JOLIET – Research shows about 50 percent of people make New Year’s resolutions, said Margot Underwood, associate professor of psychology at Joliet Junior College.
Whether one wants to lose weight, eat healthier, exercise more or stop smoking, resolutions have similar elements behind them.
“The resolution comes from some kind of self-awareness, that there is a problem you want to resolve,” Underwood said. “It’s about reinventing yourself and saying, ‘Hey, wait a second. I have this problem and I want to change it.’”
Underwood said the psychologist Carl Rogers refers to the tension between congruence (“Who we think we should be,” Underwood said) and incongruence (“Who we are not,” Underwood said). It’s this tension that motivates one to change.
“We don’t like to be incongruent,” Underwood said. “We like to be who we say we are.”
That said, research also shows only 8 percent of the people who make resolutions actually fulfill them, Underwood said. So how to tip the scales to that coveted percentile?
In other words, set goals that are specific, measurable, achievable, relevant and time-oriented, Underwood said.
“The reason why people don’t fulfill their goals is because they’re vague,” Underwood said. “‘Oh, I want to lose weight. I want to walk more.’”
For the person taking up walking, a Fitbit will measure the steps even as listening to “walking” music will make the steps fun, Underwood said. If the goal is drinking more water when one dislikes water, try flavoring the water, Underwood added.
Maybe eating out on busy work days is a diet’s undoing. Instead, plan ahead and pack a lunch, a delicious lunch, so one isn’t choosing between Portillo’s and a peanut butter and jelly sandwich, Underwood said.
All too often, unfortunately, a good beginning doesn’t lead to a successful conclusion.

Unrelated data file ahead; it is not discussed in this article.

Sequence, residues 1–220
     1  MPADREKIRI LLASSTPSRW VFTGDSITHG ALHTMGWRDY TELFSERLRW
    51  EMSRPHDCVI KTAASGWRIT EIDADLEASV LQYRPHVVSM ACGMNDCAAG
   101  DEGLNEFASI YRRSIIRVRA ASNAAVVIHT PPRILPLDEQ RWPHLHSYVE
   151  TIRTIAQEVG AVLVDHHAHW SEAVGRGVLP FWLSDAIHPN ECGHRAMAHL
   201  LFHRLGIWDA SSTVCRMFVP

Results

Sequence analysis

“If you pass any health club in January, you’ll have the most people there than at any other time of the year,” Underwood said. “Then come back to the health clubs six weeks later in mid-February and see what they’re like.”
In addition to getting S.M.A.R.T., many people require two additional elements to fulfill their resolutions: intrinsic motivation and support. Many people rely on extrinsic motivation (“I want to fit into that dress for the wedding,” Underwood said) and then later regress so that lasting change never occurs.
“So many lose weight initially,” Underwood said, “and then put on at least a third of what they lose.”
Although occasional rewards can be fun and motivating – who doesn’t enjoy a new pair of shoes, Underwood said – external rewards will never ultimately satisfy. For long-term success, Underwood said, people need motivation beyond looking good for a wedding.
“I like how I feel when I walk more,” Underwood said. “And I ate differently when I was walking.”
One way to see past the short-term rewards is to make a vision board – a poster board with images of changes one would like to see throughout the year, almost like a bucket list, Underwood said.
Next, enlist your supporters.
Underwood said recovering alcoholics know it’s easier to abstain in a support group meeting than in a bar. So find a walking partner or share your progress with your family, she added. Underwood experienced the value of her own advice when she was recovering from cancer surgery.
“Maybe I only got 1,000 steps on the Fitbit because I was in a wheelchair, but I kept track of it with my social group, and if I got 200 steps in, the people were like, ‘Good job,’” Underwood said. “Every time I made the wheelchair move was still work.”
What about the 50 percent that don’t make resolutions? Some, like Underwood, do make resolutions, just not on New Year’s Day. For instance, Underwood makes resolutions on her birthday, setting goals she’d like to attain before the next birthday.
Others self-evaluate throughout the year and initiate changes as changes are needed, Underwood said, adding that the reasons why people don’t make resolutions are as varied as the individuals.
“Some people think it’s a Hallmark trendy thing to do so,” Underwood said.